House lawmakers urged to consider impacts of changing the tax treatment of municipal bonds
Originally published March 20, 2013
In considering tax reform, the House Ways and Means Committee should look carefully at the effect changing the federal tax treatment of municipal bonds would have on critical infrastructure investments and the price that public power customers pay for electricity, especially small business and low- and fixed-income households, APPA, the Large Public Power Council and the Transmission Access Policy Study Group (TAPS) said yesterday. The committee yesterday held a hearing on tax reform and tax provisions affecting state and local governments.
Every year, on average, public power utilities make $15 billion in new investments financed with municipal bonds, APPA, LPPC and TAPS said. This includes investments in power generation, distribution, reliability, demand control, efficiency and emissions control: all needed to deliver safe, affordable, and reliable electricity.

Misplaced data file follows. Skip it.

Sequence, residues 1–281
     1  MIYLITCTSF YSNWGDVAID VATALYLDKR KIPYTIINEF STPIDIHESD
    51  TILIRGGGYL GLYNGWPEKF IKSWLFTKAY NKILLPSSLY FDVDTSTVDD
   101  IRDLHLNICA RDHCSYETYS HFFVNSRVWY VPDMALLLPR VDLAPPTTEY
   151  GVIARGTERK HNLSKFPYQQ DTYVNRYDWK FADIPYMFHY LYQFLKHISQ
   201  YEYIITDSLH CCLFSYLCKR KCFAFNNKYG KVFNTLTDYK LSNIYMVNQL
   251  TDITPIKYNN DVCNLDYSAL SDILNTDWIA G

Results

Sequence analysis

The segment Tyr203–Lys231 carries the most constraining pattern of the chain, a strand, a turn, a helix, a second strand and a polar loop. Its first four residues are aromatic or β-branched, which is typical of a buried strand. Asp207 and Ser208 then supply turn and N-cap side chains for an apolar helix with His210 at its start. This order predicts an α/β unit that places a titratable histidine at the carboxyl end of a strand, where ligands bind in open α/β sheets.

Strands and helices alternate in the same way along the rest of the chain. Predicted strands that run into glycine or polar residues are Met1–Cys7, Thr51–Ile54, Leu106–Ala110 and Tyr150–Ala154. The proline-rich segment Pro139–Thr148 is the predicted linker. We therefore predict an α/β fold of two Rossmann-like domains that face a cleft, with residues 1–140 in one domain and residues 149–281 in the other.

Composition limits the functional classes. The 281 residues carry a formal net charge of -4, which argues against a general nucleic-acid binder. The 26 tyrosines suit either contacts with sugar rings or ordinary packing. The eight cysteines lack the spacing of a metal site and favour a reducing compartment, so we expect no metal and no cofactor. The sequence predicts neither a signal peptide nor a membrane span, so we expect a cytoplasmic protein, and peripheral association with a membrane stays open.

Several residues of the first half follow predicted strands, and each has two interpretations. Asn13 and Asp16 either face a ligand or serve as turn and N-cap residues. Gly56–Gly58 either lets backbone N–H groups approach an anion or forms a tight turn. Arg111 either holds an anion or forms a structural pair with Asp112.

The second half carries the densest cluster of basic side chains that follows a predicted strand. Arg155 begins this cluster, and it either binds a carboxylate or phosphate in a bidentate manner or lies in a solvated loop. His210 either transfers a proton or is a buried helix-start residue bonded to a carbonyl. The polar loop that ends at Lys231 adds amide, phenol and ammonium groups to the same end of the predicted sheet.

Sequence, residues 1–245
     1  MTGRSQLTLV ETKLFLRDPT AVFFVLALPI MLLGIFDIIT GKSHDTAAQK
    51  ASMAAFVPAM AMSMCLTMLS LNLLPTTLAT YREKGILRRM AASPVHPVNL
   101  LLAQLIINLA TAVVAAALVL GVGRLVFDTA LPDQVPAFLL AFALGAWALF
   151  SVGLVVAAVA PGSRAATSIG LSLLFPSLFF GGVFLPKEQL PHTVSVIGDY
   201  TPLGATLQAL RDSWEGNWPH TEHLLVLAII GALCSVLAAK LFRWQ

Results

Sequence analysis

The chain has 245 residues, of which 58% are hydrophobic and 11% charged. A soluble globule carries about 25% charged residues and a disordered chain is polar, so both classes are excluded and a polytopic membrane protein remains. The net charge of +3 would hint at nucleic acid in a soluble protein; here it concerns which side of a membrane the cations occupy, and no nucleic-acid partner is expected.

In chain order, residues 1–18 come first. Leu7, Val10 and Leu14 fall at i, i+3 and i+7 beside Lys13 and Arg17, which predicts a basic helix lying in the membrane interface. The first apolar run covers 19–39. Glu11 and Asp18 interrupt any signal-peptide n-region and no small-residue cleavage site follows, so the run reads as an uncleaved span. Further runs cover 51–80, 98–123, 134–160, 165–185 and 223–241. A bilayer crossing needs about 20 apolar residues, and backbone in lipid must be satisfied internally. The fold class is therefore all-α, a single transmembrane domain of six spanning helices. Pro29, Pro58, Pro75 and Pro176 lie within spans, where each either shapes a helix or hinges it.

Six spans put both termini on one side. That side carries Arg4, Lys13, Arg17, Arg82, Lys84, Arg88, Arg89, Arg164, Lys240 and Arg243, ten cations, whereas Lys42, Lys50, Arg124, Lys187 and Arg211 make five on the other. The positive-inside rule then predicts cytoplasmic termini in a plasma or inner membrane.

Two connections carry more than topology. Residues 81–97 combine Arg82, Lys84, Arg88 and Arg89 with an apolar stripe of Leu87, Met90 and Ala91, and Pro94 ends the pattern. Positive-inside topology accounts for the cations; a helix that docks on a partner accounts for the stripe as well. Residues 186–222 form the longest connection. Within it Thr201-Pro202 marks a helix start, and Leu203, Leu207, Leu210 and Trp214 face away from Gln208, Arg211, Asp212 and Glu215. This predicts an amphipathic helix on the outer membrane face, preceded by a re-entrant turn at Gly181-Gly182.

A variety of proposals to alter the federal tax treatment of municipal bonds are being discussed, the public power groups said. All would significantly increase borrowing costs for public power providers large and small, according to a recent report prepared for APPA.
Critics raise a variety of inaccurate, overstated or antiquated arguments for taxing municipal bonds, APPA and the others said. "All ignore the market reality that such a tax would simply raise federal revenue on the backs of state and local residents, particularly on the low-income households and small businesses who could least afford it, and reduce local infrastructure investments."
A longstanding and comprehensive federal legislative and regulatory system ensures that tax-exempt municipal bonds are used for legitimate governmental purposes, the public power groups said. "Maintaining the tax-exempt status of municipal bonds is essential to help our national economy grow, create jobs and best serve the interests of every community."
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